Brighton & Hove City Council will equip staff with badges declaring their “preferred pronouns” as part of a project seeking to educate the public that making assumptions about a person’s sex “can be hurtful and distressing”.
Council and voluntary sector staff in the city will be “encouraged” to wear the badges, which include messages such as “My pronouns are she/her/hers” and “My pronouns are they/their/theirs” when they are distributed in the week leading up to ‘Trans Day of Visibility’ on March 31.
The badges will also be made available at libraries, colleges, and council buildings as part of a month-long drive to “raise awareness of Trans and Non-Binary people and that everyone has their own gender identity”, according to a press release.
Local news reported that 16,000 badges are set to be printed, as they will also be made available at libraries, colleges and a range of public buildings during the month-long campaign.
The badges will come in a range of different designs reading “My pronoun is”, including customisable ones on which people can write their own descriptor.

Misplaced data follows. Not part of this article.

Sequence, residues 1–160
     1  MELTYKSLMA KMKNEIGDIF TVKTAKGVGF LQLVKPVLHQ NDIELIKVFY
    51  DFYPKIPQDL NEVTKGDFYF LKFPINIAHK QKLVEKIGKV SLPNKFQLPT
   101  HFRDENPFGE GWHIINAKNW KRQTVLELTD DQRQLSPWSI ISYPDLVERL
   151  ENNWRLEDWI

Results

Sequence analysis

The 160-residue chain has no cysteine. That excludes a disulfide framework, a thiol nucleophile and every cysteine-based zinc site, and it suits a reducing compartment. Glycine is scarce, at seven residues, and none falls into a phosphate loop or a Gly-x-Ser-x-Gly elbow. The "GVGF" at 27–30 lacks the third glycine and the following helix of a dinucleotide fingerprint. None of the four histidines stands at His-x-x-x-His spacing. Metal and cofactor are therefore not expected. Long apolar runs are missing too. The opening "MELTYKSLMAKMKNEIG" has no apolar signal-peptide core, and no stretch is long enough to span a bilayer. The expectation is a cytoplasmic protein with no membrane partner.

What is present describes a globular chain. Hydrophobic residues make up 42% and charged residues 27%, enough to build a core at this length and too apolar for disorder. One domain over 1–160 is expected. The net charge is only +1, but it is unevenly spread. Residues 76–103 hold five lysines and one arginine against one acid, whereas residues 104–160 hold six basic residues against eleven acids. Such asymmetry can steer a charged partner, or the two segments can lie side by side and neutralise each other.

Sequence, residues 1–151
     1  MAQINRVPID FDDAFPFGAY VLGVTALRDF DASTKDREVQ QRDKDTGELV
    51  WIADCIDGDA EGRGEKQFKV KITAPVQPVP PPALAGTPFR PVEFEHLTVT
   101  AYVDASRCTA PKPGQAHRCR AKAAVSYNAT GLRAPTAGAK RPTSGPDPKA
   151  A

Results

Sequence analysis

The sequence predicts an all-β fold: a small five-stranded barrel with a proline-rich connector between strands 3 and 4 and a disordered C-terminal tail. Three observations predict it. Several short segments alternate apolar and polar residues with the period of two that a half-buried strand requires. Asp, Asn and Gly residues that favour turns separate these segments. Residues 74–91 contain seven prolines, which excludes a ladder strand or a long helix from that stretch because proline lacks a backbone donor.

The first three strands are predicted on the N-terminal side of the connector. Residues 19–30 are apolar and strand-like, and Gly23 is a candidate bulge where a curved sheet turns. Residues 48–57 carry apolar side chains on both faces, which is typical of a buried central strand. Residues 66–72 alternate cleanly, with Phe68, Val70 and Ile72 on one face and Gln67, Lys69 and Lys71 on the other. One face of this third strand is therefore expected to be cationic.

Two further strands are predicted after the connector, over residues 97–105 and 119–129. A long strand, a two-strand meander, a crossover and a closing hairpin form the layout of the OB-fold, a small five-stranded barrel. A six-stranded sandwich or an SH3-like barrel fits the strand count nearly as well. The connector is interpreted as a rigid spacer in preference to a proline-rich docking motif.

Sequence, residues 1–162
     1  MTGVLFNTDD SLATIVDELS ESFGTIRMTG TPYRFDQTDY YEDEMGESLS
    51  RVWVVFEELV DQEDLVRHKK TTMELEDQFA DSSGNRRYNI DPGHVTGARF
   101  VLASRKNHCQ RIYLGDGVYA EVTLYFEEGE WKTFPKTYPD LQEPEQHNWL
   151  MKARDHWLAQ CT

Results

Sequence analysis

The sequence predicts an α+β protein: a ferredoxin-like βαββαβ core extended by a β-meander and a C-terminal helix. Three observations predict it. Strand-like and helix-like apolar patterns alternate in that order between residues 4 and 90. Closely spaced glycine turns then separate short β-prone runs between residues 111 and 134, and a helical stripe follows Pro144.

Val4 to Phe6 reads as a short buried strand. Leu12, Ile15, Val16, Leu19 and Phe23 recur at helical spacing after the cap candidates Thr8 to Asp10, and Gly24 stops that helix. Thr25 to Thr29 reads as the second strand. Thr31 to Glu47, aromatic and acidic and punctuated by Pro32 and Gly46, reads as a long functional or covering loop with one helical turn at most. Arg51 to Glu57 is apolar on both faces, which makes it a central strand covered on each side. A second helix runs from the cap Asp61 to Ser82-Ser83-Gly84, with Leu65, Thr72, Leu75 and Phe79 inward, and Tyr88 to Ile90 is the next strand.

“Although most people even among the trans and nonbinary communities use ‘he’, ‘she’, or ‘they’, some who eschew traditional gender identities – who are, for example, agender, genderqueer, or gender-fluid – prefer to use other gender-neutral pronouns such as ‘xe’, ‘ze’, or ‘sie’,” explained Patrick Strudwick, the ‘LGBT Editor’ of BuzzFeed UK.
Put together in partnership with local NHS trusts, Sussex Police, LGBT activists and the University of Brighton, the city-wide initiative will also feature postcards, posters and other material with information on different “gender identities” and how to be supportive of people who identify as transgender.
Cllr Emma Daniel, Chair of the Neighbourhoods, Inclusion, Communities & Equality Committee said: “We all define our own gender and we should respect other people’s identities, and rights.
“Now there is more freedom and safety to be ourselves. But there’s still more to do.
“Who a person is may not match what you expect and may not be defined easily. If someone’s pronouns differ from what you assume, it’s for you to adapt and it’s okay to ask.
“We’re proud of being a diverse city, and the council is committed to equality and inclusion for all people including our Trans and Non-Binary residents.”
Serving one of the country’s most left-liberal cities, Brighton & Hove Council was ahead of the curve in promoting an LGBT agenda to children that is now ubiquitous across Britain, in 2016 asking thousands of four-year-olds to “choose” what gender they “identify” as.
Hailing the city’s infamous equal pay policies which set off long-running bin strikes as a success on Thursday, Ms Daniel announced that women are now paid six per cent more than men at the council.
Rather than apologise for this “gender pay gap”, councillors boasted that this showed “the way forward” for other local authorities.